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Beanstalk's Internet Marketing Blog

At Beanstalk Search Engine Optimization we know that knowledge is power. That's the reason we started this Internet marketing blog back in 2005. We know that the better informed our visitors are, the better the decisions they will make for their websites and their online businesses. We hope you enjoy your stay and find the news, tips and ideas contained within this blog useful.

April 9, 2014

Is the heart of your website beating or bleeding?

The Heartbleed Bug is a serious SSL/TLS encryption vulnerability in the popular OpenSSL cryptographic software library. So what is it?

Seems like we’ve heard this all before?

To put it into layman’s terms, Heartbleed or CVE-2014-0160, depending on your pedantic nature, is a really bad thing.

In less simple terms, the ‘heartbeat’ service of OpenSSL can be exploited to ‘leak’ it’s memory and reveal the contents of of otherwise protected/encrypted data.

But we’ve heard of OpenSSL exploits/vulnerabilities before, why is this one exciting?

Heartbleed vulnerability logo

Not only does Heartbleed have it’s own logo: has it’s own website:

If you wanted to know all about it, the website is full of information and details on the vulnerability if you want to dig right in for maximum info.

Essentially these are the points made:

  • This vulnerability has been around for years and so if someone had captured traffic from a year ago, and then got your secret keys with this exploit, this could allow them access to data you thought nobody could touch.

  • Using this exploit to impersonate your servers could allow an attacker even more access.

  • This is untraceable at the moment, meaning you don’t know what secure/protected content was stolen, or when.

  • This isn’t even all about you and your servers, think about the private data of your users and how a common password could be stolen from your server and used to infiltrate other more-secure servers around the internet.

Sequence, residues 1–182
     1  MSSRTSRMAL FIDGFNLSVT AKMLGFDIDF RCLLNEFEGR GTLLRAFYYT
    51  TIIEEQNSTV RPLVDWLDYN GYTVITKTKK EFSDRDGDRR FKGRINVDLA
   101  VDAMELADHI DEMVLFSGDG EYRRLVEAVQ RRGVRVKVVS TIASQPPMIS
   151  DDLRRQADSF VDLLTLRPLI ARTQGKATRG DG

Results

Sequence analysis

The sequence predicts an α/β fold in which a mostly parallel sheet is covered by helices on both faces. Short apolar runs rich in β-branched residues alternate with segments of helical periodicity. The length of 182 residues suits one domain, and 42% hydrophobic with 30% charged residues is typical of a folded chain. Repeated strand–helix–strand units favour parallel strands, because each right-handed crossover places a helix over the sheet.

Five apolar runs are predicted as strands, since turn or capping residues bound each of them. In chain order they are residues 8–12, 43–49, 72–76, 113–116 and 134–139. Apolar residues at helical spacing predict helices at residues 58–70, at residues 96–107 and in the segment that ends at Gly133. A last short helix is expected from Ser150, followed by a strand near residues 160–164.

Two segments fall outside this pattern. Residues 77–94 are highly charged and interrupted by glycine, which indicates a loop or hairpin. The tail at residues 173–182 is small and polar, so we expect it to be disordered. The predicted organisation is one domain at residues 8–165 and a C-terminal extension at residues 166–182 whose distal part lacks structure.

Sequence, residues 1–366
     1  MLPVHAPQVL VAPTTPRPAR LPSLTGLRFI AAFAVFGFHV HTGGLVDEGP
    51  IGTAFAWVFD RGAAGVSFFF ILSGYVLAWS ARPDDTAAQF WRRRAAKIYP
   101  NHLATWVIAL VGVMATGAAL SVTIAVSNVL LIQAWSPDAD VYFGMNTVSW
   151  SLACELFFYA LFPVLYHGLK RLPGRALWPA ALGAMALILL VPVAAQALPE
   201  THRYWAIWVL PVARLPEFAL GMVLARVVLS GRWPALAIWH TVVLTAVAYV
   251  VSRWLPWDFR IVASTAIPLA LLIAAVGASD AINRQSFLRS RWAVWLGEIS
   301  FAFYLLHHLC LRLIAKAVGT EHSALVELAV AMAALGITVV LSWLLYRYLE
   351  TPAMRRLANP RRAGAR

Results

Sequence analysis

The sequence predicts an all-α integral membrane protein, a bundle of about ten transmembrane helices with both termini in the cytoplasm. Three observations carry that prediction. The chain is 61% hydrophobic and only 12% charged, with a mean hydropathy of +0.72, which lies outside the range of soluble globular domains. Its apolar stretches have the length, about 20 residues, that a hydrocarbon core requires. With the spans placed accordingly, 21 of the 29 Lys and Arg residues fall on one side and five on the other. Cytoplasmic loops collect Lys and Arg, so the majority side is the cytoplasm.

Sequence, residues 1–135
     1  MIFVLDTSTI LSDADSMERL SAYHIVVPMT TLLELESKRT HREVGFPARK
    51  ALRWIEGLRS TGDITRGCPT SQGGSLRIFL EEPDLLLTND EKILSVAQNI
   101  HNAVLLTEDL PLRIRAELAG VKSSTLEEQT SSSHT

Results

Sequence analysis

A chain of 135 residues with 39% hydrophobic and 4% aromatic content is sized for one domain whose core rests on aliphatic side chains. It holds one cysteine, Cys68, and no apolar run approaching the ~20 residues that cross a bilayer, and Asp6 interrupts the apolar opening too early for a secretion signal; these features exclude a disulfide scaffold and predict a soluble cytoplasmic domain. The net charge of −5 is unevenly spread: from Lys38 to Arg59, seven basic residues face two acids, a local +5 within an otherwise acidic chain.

Who is impacted :

  • Everyone that uses SSL is impacted in some way. Even if you just have to change some passwords. This will impact you.

  • OpenSSL 1.0.1 through 1.0.1f are vulnerable. OpenSSL 1.0.1g and newer are fine. Very old servers that didn’t upgrade to the heartbeat feature may be immune.

  • It’s estimated that this applies to over 66% of the web servers on the internet.

What to do :

  • Upgrade OpenSSL and/or disable the heartbeat function.

  • If you don’t disable the heartbeat function you can expect to be contacted by security teams checking to make sure you’ve upgraded.

  • Make sure your users know, either by a site bulletin, or perhaps a blog post?

  • Urge users to make password changes once you’ve secured your server.

  • Make it clear that users need to update that password on all sites that it was used on.

  • Be honest. No data can be assumed private at this point, your users should consider this truth.

  • Revoke and reissue your server’s primary keys.

  • As servers get patched you can reconnect with them, but there should be a ‘patch first, trust after’ policy.

..and above all else, Don’t Panic. :)

Update: If you are hosted on CentOS don’t assume you are vulnerable based on the version. In our case we had version 1.0.1e installed but it has been patched for CVE-2014-0160, which I can confirm with SSH access and looking at the RPM changelog.

SEO news blog post by @ 3:27 pm



October 17, 2012

New Webmaster Guidelines Part 2 – Technical Guidelines

This is part 2 of an in depth look at the newly revised Webmaster Guidelines from Google. Google has recently updated their list of best practices and suggestions for site development. To give your site the best chance of ranking well, and to keep a competitive edge, the Google guidelines should be read like the gospel.

monkey fixes computer

• Did you ever wonder how Google processes your site to determine its focus and content? Try using a text-based browser like Lynx to understand what Google is using to interpret your site.

By displaying the page without dynamic elements such as Flash, JavaScript, cookies, sessions IDs or DHMTL, you will gain a keen insight as to what is actually visible to the Google. If there is not enough content to be read, then Google is going to have a difficult time indexing your site and establishing you value in the SERPs

• Allow bots to crawl your site without session IDs or arguments that are designed to track a user activity. Disallow specific URLs that you don’t want crawled in your robots.txt file. Sessions IDs are antiquated and should not be used in any new site development. You can use cookies instead for monitoring site traffic.